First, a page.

Installation by Anne Niemetz

Embroidery patterns created with the CatsEye software
by Ben Jack and Doug Easterly, using original
multicopter technical designs by Hadley Boks-Wilson
Thank you: Victoria University of Wellington

Drones have entered the public consciousness over the past decade and are most commonly associated with surveillance and military action. Recently, technology has rapidly advanced with drones increasingly being designed to be hidden from radar by mimicking the appearance and behaviour of wildlife. Even drones used by hobbyists frequently raise ethical issues regarding privacy. The installation, Stealth Drones, asks the viewer to reflect on these technological developments and to consider the clandestine possibilities of drone technology.

Stealth Drones is comprised of seven embroidery hoops hung in formation. Each hoop contains fractal patterns and ornamentation embroidered in white thread. The hoops are presented on a black velvet backdrop, much like the display of traditional lace work.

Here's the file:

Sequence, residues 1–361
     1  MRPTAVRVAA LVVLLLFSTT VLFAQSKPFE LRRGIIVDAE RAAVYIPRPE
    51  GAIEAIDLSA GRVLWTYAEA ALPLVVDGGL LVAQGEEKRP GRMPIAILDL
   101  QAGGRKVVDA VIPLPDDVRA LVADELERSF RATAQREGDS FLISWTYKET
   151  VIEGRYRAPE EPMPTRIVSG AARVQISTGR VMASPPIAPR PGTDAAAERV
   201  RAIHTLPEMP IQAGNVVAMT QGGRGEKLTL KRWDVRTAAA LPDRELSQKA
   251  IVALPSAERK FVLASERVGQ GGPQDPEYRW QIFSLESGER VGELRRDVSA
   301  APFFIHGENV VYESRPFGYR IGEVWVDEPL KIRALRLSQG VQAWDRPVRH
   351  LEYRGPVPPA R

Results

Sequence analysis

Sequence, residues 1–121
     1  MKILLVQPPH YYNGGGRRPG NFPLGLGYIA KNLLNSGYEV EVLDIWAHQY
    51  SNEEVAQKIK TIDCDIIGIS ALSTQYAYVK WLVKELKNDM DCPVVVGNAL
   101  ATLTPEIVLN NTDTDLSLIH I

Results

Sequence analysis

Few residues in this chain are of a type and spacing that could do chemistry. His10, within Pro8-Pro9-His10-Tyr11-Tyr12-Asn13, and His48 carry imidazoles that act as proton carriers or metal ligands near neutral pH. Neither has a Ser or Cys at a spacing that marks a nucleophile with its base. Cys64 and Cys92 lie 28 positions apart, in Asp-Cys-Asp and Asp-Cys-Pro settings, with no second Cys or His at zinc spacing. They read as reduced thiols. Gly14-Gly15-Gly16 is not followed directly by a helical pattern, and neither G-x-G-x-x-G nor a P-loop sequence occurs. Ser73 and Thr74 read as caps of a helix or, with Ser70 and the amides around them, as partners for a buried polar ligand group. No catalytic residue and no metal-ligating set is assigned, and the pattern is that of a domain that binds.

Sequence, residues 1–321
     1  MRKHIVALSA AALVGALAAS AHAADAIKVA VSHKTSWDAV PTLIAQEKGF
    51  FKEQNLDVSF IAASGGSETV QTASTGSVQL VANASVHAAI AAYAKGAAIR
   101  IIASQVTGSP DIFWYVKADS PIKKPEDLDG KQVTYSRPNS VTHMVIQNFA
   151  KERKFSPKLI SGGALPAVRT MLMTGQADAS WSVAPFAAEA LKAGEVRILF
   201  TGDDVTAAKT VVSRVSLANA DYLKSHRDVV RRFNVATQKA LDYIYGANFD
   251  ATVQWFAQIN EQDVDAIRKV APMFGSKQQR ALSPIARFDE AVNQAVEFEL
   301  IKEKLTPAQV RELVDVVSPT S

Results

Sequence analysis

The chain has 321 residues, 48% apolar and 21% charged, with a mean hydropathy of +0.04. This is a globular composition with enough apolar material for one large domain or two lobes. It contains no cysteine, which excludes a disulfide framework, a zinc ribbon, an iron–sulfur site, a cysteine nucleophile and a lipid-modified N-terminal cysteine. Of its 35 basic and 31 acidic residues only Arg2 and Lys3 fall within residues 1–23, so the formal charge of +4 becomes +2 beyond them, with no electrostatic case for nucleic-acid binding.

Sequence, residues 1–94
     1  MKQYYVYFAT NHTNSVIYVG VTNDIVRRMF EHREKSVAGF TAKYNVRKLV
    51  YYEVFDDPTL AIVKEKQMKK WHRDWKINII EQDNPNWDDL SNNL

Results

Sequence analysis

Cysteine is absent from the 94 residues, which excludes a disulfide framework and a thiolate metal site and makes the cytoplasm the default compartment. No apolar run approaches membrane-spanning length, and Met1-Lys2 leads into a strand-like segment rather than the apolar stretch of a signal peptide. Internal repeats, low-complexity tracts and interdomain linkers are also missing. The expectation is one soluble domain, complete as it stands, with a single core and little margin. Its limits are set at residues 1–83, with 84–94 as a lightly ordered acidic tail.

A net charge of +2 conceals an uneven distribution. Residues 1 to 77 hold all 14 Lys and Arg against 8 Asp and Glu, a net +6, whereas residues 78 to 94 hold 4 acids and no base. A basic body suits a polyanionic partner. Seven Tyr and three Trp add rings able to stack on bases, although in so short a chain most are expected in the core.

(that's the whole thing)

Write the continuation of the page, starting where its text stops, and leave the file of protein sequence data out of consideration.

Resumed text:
At regular intervals UV lights are activated in the exhibition space. The embroideries react to the UV light by revealing technical blueprints of small multicopters within them. Once the regular room lights switch back on, the stealth drones disappear.

Through the act of appearing/disappearing the juxtaposition of embroidery (traditionally associated with femininity) and contemporary engineering and artificial intelligence (typically coded as masculine) comes forth. This prompts the viewer to consider the gendering of new technologies as well as associated discourses of expertise and technological progress.

Video documentation:


Video of the premiere at the Art|Sci Gallery:


Video of the LASER (Leonardo Art Science Evening Rendevous) talk Anne gave about the installation (skip to 1:12h):